Step 5 – Repeat steps 1 and 2 using the 7½” squares from Print 1 and Print 2 to make 4 Half Square Triangles. Press away from Print 2 or open. Do not trim!
Step 6 – Mark two stitching lines ¼” on either side of the center diagonal line of the pieced Half Square Triangles.
Step 7 – Position the pieced squares right sides together with the 7½” Print 11 squares. Note that the edges are not intended to match. Stitch on the lines, then cut down the middle. Press toward the large triangle.
Step 8 – Trim the units to 6½” using the Tucker Timmer® I. Align the 6½” Sizing Diagonal with the long seam and the Common Diagonal with the short seam. Trim the first two sides.
Step 9 – Rotate the unit 180o and align the Sizing and Common Diagonals with the seam as well as the 6½” cleanup lines with the trimmed edge. Trim the remaining two sides to create your precise Combination units. Label them Unit D.
Congratulations, you have learned to make half square triangles and combination units using your Tucker Trimmer I.
I’m sitting here in Tuckerville, watching TV, looking at my ceiling. I pin orphan blocks on my drop ceiling.
These two blocks are made from the same fabric and units. They both have a Square Squared for the block center, 4 V Block units for the star points and 4 Shaded Four Patch Units (with the Tucker Trimmer I) in the block corners. The top block has the Shaded Four Patch unit small square facing out, while the bottom block has the Shaded Four Patch unit small square facing in. Two very different looks from the same block.
As I stared at these blocks on the ceiling I wondered what the secondary design would be if I put them in a quilt. Time to break out EQ8!
I used shades of purple and lavender because I thought my sister may like it. This is pretty cool. EQ8 is fun to use and brings quilt designs to life. Time to break out my Studio 180 Design tools get busy!
Got some fat quarters? Deb Tucker has many free patterns for you and this one is called Twilight Paths. It uses 14 fat quarters and a background with the Tucker Trimmer I. Twilight paths uses 5″ finished Shaded Four Patch units (5.5″ unfinished). The Shaded Four Patch Technique Sheet shows you haw to make this unit in 21 sizes! This whole quilt is made with Shaded Four Patches!
Download your pattern and let’s go!
To get a great scrappy quilt, Deb suggests that you split your fat quarters into two groups. Group 1 along the 22″ side, cut two 3 1/4″ strips and one 6″ strip, sub-cutting into 3 – 6″ x 7″ rectangles. Group 2 along the 22″ side, cut one 3 1/4″ strip and two 6″ strips, sub-cutting each into 3 – 6″ x 7″ rectangles. Cut one more 3 1/3″ strip from leftover from Group 1.
From your assorted dark fat quarters you will need 22 – 3 1/4″ strips, and 64 – 6″ x 7″ rectangles. From your background you will need 22 – 4 1/4″ strips.
Step 1 – Position each 3 1/4″ strip right sides together with a 4 1/4″ wide background strip and stitch lengthwise. Press seams toward the wider strip.
Step 2 – Pair two of the pieced strips right sides together with the narrow strips on opposite sides, so that each narrow strip faces a wide background strip. Sub-cut the strip sets every 3 1/4″ units until you have 128 rectangles.
Step 3 – Keep the two rectangles paired; stitch each pair of cut pieces together along one long side. Note the seams are not supposed to nest.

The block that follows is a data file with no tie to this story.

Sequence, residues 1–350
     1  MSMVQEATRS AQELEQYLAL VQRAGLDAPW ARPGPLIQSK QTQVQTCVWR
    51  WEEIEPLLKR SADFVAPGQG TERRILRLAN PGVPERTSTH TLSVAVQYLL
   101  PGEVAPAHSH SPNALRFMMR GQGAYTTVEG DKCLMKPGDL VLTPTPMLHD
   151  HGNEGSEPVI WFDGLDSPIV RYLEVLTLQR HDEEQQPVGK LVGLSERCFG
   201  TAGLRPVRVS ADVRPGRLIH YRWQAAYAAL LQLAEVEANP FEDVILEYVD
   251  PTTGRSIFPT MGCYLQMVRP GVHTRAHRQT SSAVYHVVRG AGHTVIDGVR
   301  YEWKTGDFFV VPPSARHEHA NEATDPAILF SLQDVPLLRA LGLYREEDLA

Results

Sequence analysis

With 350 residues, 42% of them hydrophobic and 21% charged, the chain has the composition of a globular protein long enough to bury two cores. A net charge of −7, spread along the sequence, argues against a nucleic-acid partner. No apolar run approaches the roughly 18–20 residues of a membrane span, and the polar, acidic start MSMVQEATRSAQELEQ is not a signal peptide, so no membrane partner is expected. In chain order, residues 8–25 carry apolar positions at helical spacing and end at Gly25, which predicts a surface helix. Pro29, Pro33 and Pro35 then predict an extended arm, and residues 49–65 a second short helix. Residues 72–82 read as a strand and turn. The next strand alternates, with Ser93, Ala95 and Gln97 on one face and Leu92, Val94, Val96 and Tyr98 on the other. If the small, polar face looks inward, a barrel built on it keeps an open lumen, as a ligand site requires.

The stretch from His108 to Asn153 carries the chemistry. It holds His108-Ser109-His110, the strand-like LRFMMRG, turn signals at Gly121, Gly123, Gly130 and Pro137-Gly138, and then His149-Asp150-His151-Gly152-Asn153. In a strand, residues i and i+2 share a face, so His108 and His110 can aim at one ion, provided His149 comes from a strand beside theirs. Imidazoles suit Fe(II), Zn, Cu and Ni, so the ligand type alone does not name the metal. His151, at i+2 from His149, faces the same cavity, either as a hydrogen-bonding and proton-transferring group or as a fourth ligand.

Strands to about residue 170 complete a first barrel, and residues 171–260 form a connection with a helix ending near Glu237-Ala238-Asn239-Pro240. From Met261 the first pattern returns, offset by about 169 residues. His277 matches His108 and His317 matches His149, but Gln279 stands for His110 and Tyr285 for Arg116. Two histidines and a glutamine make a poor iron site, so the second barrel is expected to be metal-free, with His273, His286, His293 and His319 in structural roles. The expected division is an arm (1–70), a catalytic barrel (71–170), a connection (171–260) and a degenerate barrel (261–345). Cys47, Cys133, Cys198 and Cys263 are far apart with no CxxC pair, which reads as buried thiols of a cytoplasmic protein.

Snip the seam allowance at the half way mark between the two squares all the way to the seam.
Press each half of the seam allowance away from the square as shown above.
Step 4– Mark stitching lines. Select a ruler with a 45 degree angle marked on it. Draw a 45 degree sewing line from top to bottom, through the corner of the square where the stitching lines meet. Draw a 2nd line through the corner of the other square.
Step 5 – Center each marked, pieced rectangles right sides together with a 6″ x 7″ rectangle.
Stitch on both lines.
Trim seams 1/4″ from the stitching lines.
Press all seams toward the large triangles.
Step 6 – Trim the 128 oversized units with your Tucker Trimmer I to 5 1.2″ x 5 1/2″. Align the 5 1/2″ Sizing Diagonal with the diagonal seam of the unit. Position the common diagonal so it passes through the center of the unit. Trim the two sides.
Step 7 – Rotate the unit and line up the 5 1/2″ cut size lines on the tool with the previously trimmed edges, align the sizing diagonal and the common diagonal as before and trim the other two edges.
Step 8 – Layout 80 units according to the diagram on page 5 to create the quilt center.
Stitch the units into rows and then stitch the rows together. Press all seams open.
Step 9 – Attach the Inner Border. Stitch the inner border strips to the quilt center.
Step 10 – Assemble the Outer Border. Stitch the remaining units together into 4 border strips containing 12 units each. Make sure you orient the units as shown in the pattern. Press all seams open. Finish as indicated.
My top is not yet quilted. I used Deb Tucker s Steam Engine fabric line by Island Batik in my quilt top. So I guess I will call mine Steam Engine on the Tracks!
Last Valentines day I posted my Hearts Abound Wall Hanging for Island Batik. Today I taught this class and posted the photo of the wall hanging again. Everyone wants the supply list, So I am posting it here. Remember I’m a Dyed in Wool, Drank the Kool Aid Studio 180 Design Certified Instructor and this Supply List is based on Studio 180 Design Tools: Square Squared, Wing Clipper I, Tucker Trimmer I & Magic Wand. Enjoy